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History

At the 2002 World Summit for Sustainable Development, then-Secretary of State Colin Powell announced the U.S. commitment to the global 2015 Sustainable Development Goals. One goal was to reduce by half the number of people without access to safe and affordable drinking water and sanitation by the year 2015.

Later, that global goal for water access was met two years ahead of schedule, according to the Joint Monitoring Program, although progress varied widely from country to country, and the global sanitation goal fell far short. To play a role to help reach this goal, in 2003 the leading US-based non-governmental organizations working in water and sanitation formed the Millennium Water Alliance (MWA) as a 501(c)(3) tax-exempt organization to offer sustainable solutions through advocacy, shared knowledge, and collaborative programming.

Since then, MWA has created consortium field programs in which member NGOs bring their strengths and share ideas on effective approaches for maximum efficiency and long-term effectiveness. Our major collaborative field programs to date have operated in Ethiopia, Kenya, and in five countries in Central America (see our Programs page on the website for more information).

Until 2007, MWA was largely operated by the Board members – representatives of the member NGOs – with the help of consultants and member NGO staffs. The growth of the consortium programs and the need for collective advocacy inspired the Board to hire its first full-time executive director in 2007.

In June 2010, the Board hired a professional public policy advocate and nonprofit executive to establish the first MWA office, in Washington DC. Later that year, MWA added a professional field program director and a senior accountant to the staff. Since then, MWA has grown further, adding full-time staff and consultants in the US and abroad. (See our website Board page and Staff page for current listing.)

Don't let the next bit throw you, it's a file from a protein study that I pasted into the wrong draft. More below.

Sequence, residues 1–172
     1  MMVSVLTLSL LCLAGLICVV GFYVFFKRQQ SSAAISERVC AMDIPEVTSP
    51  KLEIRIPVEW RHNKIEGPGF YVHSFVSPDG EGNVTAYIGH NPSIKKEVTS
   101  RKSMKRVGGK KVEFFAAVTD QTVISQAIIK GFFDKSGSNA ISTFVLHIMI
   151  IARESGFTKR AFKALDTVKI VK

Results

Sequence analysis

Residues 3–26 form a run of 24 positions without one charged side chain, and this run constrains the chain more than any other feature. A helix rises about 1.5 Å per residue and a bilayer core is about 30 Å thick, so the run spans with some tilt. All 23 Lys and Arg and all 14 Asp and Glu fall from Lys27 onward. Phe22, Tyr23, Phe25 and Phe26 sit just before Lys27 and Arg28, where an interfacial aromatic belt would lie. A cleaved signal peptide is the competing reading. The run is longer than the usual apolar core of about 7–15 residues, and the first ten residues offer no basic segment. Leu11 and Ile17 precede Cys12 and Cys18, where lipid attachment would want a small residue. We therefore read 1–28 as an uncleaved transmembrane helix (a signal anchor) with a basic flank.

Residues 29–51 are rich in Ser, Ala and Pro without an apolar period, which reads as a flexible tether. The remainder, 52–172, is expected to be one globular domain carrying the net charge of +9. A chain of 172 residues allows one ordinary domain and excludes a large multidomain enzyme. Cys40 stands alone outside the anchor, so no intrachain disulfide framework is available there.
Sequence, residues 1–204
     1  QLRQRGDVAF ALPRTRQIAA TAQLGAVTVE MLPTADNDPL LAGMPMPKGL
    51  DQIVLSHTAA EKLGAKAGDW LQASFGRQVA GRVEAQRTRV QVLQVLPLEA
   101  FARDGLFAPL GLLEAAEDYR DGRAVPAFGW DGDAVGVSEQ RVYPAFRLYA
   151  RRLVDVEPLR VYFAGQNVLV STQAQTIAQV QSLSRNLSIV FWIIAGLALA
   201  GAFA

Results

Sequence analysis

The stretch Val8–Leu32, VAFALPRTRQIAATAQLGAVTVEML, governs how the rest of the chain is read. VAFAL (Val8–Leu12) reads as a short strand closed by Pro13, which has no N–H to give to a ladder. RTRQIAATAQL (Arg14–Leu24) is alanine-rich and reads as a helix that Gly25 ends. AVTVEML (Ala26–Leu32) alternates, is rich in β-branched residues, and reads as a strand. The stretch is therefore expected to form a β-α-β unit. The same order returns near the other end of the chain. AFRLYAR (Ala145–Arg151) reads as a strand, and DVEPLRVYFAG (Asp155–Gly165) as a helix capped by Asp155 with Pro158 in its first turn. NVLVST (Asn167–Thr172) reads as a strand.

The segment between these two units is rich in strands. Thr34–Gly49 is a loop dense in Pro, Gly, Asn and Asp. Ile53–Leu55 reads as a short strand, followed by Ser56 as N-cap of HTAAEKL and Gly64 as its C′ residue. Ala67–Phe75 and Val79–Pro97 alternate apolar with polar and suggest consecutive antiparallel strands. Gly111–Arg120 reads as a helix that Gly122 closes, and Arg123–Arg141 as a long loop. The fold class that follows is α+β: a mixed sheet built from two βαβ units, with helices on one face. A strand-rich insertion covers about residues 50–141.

MWA has become a leading voice in the global WASH sector, and in particular, on US advocacy for more US government investment in global WASH. MWA played a leading role in the drafting and passage of the 2005 Sen. Paul Simon Water for the Poor Act, the 2014 Sen. Paul Simon Water for the World Act, and in annual appropriations (often with increases) for USAID WASH programming. MWA also serves as a US voice for civil society in the Sanitation and Water for All initiative, and in other forums.

As of April 2019, MWA has eight NGOs as full members (represented on the Board of Directors), and six NGOs as affiliate members. All members have headquarters in the US, except for IRC-WASH (The Netherlands) and HELVETAS Swiss Intercooperation (Switzerland). All members must share in the mission and standards adopted by MWA, and demonstrate their commitment to water and sanitation programs that embody the values of transparency, accountability, efficiency, and cultural sensitivity in all their work.

 

Rev April 2019